L to R: Rhiannon Wright, Leanne Watson, Jasmine Seymour in rock art shelter, Canoelands
Caption on bottom

Rhiannon Wright

Rhiannon Wright is a proud Boorooberongal woman from the Darug Nation who is the daughter of Leanne ‘Mulgo’ Watson and granddaughter of Darug Elder Aunty Edna Watson. Rhiannon has grown up on Darug Country and spent her life learning her culture, traditions and language through her mother and grandmother, in turn passing on and sharing this knowledge to her daughter Lyra — keeping the unbroken chain of culture that has extended for thousands of years alive and strong through the generations. 

Rhiannon is currently a part of Darug Custodian Aboriginal Corporation and is the Aboriginal Education Officer at Windsor South Public School where she very proudly shares and connects culture, language and knowledge with students and the wider community. 

Leanne Watson

Leanne is a Darug woman commonly known in the Aboriginal community as Mulgo meaning ‘Black Swan’. Leanne is the daughter of Aunty Edna Watson and Uncle Allan Watson, Elders of the Darug community. Leanne was born and raised in Sydney, she is now a mother and grandmother and has spent her life living, promoting and protecting Darug culture, people and places.

Leanne has been Director of DCAC (Darug Custodian Aboriginal Corporation) for the past 15 plus years. She started painting at a young age, taught by her mother Aunty Edna Watson and her brother Bundeluk Watson, and is now an accomplished artist. Her paintings and artwork are well-known to many. Leanne’s artwork is inspired by her family, Darug Country, the environment and life experiences.

Jasmine Seymour

Jasmine Seymour is a Darug woman and a descendant of Maria Lock, daughter of Yarramundi, the Boorooberongal Elder who met Governor Phillip on the banks of the Hawkesbury River in 1791. She is a teacher, artist and published author of children’s books which integrate Dharug language throughout: ‘Baby Business’, which tells the story of a ceremony that welcomes baby to Country and ‘Cooee Mittigar’ (Come Here Friend), which is an invitation to walk on Darug Country.

Erin Wilkins

Erin is a strong and proud Aboriginal woman of the Darug people. She loves passing down her culture and knowledge to her children and grandchildren. She enjoys being on Country, connecting with and protecting culture, participating in traditional cultural practices and encouraging others to share the old ways. Erin’s passion as a cultural educator is to continually work towards promoting and strengthening connection to culture and Country through education with people of all ages and backgrounds.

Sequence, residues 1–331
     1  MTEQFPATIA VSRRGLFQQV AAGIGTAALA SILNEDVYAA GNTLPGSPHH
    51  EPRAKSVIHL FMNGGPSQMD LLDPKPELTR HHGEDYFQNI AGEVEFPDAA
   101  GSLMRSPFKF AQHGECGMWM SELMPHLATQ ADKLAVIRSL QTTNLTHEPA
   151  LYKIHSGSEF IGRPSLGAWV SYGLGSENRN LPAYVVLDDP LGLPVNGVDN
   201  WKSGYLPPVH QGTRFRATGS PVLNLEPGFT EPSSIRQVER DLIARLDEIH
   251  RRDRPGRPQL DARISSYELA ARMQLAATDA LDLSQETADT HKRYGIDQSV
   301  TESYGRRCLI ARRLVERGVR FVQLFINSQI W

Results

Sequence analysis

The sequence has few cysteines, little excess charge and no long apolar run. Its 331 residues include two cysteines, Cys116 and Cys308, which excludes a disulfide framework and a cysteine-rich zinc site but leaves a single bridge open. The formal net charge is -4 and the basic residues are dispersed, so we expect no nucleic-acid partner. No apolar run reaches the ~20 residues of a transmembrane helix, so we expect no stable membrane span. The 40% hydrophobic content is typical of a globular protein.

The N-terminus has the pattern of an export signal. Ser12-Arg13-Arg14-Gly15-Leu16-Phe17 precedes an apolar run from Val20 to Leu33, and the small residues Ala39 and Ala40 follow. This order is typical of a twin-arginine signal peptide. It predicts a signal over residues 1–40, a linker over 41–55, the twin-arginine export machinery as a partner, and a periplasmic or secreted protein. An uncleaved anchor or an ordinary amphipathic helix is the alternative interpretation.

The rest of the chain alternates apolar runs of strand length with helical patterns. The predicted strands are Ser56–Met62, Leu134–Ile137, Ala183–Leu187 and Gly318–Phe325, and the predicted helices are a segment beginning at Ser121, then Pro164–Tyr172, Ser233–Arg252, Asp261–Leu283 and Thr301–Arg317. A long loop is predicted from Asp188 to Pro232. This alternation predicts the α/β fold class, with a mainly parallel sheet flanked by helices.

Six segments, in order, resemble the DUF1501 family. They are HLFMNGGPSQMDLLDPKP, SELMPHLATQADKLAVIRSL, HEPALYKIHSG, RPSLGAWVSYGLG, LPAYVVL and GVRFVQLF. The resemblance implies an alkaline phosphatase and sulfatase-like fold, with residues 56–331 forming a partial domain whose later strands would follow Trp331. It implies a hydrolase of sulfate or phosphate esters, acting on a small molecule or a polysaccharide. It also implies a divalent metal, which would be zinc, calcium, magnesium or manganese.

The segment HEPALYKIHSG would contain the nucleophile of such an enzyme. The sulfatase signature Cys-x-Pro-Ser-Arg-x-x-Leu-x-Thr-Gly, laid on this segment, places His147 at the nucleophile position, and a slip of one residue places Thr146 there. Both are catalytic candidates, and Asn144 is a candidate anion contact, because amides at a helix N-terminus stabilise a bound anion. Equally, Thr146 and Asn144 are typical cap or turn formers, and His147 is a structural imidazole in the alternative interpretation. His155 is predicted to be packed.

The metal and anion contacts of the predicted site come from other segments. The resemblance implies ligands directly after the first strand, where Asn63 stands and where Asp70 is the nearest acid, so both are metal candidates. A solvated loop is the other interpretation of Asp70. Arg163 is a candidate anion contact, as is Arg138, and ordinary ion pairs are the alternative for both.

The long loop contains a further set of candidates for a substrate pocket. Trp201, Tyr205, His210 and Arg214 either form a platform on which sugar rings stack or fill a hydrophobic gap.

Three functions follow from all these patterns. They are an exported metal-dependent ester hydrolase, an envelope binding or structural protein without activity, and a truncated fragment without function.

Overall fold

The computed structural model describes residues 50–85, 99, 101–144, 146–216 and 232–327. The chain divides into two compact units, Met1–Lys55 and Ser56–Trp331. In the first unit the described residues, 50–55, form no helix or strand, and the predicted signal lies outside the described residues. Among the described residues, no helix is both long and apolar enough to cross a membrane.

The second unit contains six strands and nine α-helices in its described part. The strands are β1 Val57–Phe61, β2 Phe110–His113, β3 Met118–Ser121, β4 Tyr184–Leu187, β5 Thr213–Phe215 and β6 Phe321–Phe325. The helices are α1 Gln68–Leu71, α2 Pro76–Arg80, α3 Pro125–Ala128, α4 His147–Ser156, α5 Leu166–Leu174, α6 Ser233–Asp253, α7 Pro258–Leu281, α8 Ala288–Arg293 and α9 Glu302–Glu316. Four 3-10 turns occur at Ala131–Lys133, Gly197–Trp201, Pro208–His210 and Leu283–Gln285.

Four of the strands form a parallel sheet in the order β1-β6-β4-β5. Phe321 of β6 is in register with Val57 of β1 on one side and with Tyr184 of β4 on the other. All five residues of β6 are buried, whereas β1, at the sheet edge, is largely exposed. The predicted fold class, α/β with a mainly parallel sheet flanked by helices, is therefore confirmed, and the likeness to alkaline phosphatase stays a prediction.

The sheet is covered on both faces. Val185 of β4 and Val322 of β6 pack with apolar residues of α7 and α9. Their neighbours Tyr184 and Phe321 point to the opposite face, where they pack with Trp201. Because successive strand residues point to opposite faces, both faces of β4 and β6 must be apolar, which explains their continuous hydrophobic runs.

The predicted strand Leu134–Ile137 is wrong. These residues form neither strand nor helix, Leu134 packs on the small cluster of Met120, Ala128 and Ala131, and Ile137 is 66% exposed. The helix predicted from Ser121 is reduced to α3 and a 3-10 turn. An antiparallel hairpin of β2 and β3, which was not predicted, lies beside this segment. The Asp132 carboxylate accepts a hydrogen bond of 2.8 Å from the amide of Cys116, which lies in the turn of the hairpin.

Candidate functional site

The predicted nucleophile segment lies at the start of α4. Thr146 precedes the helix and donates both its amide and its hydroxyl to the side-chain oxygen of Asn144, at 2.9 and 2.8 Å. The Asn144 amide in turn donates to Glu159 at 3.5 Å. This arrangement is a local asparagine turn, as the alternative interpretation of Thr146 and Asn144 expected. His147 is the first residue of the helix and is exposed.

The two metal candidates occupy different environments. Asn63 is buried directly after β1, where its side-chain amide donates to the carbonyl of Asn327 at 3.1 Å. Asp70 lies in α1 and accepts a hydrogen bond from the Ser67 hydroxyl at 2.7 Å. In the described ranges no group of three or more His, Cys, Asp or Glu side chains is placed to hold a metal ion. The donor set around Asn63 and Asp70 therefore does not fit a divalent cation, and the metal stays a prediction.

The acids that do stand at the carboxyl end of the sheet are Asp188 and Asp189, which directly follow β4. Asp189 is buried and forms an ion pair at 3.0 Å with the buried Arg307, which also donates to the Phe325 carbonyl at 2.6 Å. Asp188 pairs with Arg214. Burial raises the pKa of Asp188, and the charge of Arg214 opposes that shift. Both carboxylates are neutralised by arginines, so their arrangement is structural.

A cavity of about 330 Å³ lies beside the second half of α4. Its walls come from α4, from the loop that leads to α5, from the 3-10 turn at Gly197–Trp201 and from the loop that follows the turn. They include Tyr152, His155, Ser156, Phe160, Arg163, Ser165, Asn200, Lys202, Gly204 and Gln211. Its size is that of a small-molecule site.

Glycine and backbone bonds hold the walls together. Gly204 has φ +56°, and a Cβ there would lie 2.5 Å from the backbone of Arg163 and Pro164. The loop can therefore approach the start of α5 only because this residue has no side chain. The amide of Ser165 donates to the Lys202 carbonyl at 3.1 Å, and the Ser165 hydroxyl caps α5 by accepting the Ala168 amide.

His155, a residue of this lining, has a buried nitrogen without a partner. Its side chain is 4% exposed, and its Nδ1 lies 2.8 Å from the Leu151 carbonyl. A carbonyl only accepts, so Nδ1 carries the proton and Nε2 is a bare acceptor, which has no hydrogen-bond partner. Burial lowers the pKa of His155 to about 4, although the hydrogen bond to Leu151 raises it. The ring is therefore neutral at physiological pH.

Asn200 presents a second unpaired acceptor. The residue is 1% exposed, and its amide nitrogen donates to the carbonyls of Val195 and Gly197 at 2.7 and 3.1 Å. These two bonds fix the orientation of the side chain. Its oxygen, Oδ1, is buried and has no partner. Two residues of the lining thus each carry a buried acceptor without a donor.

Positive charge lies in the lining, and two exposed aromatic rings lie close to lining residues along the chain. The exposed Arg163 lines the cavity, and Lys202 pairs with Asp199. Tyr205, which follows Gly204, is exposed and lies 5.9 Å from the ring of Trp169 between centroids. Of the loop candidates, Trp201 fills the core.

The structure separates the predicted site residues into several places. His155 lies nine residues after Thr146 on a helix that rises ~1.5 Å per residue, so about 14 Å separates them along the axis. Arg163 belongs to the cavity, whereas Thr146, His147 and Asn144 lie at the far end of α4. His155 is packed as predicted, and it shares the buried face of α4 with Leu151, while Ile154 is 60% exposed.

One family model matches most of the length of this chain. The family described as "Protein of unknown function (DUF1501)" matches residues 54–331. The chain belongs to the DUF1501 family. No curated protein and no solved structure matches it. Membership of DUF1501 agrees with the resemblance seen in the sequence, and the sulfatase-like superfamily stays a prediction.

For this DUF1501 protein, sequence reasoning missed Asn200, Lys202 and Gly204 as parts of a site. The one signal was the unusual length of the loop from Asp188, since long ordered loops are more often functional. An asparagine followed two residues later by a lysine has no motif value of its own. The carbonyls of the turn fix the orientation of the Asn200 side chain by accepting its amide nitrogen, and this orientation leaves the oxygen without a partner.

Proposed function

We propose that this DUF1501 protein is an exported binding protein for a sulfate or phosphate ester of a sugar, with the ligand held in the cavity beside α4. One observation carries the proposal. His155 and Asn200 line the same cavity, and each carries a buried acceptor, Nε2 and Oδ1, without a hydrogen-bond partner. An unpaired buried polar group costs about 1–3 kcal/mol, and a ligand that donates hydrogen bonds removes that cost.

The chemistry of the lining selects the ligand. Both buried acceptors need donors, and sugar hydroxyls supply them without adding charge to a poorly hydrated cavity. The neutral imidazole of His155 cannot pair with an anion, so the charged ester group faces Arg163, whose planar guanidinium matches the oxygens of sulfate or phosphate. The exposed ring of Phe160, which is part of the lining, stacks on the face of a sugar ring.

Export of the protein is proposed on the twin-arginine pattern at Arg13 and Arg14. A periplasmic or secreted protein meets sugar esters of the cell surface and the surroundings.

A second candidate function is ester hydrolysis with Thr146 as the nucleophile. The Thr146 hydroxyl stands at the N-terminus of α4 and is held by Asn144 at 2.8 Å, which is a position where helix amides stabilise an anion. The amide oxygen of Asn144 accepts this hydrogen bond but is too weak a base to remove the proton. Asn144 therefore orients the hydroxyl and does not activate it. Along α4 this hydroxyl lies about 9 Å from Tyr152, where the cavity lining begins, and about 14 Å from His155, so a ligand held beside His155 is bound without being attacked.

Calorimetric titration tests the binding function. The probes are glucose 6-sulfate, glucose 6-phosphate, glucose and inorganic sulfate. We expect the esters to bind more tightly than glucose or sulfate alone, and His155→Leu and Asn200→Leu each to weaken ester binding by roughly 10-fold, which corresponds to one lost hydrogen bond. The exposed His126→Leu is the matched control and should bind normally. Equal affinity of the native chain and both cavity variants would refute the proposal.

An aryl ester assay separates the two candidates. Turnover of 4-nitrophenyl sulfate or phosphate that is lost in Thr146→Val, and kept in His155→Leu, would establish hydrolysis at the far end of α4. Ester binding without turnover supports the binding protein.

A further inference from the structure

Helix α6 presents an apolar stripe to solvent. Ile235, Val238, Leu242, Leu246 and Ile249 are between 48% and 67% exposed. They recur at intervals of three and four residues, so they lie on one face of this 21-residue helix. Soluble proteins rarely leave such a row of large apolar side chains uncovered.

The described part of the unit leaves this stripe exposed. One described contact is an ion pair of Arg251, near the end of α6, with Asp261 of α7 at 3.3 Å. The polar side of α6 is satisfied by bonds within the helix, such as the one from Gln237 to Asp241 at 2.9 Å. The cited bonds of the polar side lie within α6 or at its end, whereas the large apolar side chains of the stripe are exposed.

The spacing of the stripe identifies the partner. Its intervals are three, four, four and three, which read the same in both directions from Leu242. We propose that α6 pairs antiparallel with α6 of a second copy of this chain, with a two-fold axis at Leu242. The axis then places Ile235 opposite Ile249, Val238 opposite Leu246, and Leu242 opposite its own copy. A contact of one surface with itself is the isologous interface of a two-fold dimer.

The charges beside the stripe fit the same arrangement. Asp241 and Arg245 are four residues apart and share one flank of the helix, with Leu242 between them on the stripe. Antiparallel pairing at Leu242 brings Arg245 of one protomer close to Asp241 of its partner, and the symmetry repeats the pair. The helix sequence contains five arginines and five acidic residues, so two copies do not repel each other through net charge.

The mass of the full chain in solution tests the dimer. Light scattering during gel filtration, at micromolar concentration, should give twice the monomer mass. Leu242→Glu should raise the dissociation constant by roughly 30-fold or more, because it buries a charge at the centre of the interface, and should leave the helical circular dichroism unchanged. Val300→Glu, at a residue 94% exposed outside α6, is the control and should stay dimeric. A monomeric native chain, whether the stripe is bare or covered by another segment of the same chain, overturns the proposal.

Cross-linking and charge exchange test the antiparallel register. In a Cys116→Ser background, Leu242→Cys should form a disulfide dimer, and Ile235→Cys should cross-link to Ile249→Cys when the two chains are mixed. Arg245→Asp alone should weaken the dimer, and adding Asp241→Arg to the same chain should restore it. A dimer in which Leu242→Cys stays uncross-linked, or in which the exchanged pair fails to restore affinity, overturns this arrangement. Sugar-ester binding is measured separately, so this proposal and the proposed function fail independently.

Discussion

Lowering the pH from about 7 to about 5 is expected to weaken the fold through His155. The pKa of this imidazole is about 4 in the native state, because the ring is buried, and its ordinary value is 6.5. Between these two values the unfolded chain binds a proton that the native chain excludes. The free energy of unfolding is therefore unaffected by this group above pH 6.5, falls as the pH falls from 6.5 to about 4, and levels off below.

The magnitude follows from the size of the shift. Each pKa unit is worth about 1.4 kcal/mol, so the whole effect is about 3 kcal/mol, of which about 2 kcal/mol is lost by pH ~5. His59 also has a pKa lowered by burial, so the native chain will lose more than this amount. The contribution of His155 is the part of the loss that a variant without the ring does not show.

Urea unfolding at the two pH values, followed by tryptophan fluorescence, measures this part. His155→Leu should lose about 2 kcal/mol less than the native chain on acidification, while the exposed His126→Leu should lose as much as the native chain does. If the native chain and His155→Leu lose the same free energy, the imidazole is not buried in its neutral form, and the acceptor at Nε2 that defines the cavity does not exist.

Erin Wilkins in rock art shelter, Canoelands
Caption on bottom

Erin Wilkins

Erin is a strong and proud Aboriginal woman of the Darug people. She loves passing down her culture and knowledge to her children and grandchildren. She enjoys being on Country, connecting with and protecting culture, participating in traditional cultural practices and encouraging others to share the old ways. Erin’s passion as a cultural educator is to continually work towards promoting and strengthening connection to culture and Country through education with people of all ages and backgrounds.

 

 

Marika Duczynski

Marika Duczynski

Marika is a Gamilaraay and Mandandanji descendent with family ties to Moree in north-west NSW. She is a Project Officer in the Indigenous Engagement branch working to amplify Aboriginal and Torres Strait Islander voices and perspectives within libraries and collections. Dyarubbin is the first exhibition she has curated.

Following the river

Darug people share a deeper story of Dyarubbin, the Hawkesbury River.

The real secret river: exploring Dyarubbin

A list of Aboriginal placenames was a trigger for seeking the ‘real secret river’.

Show more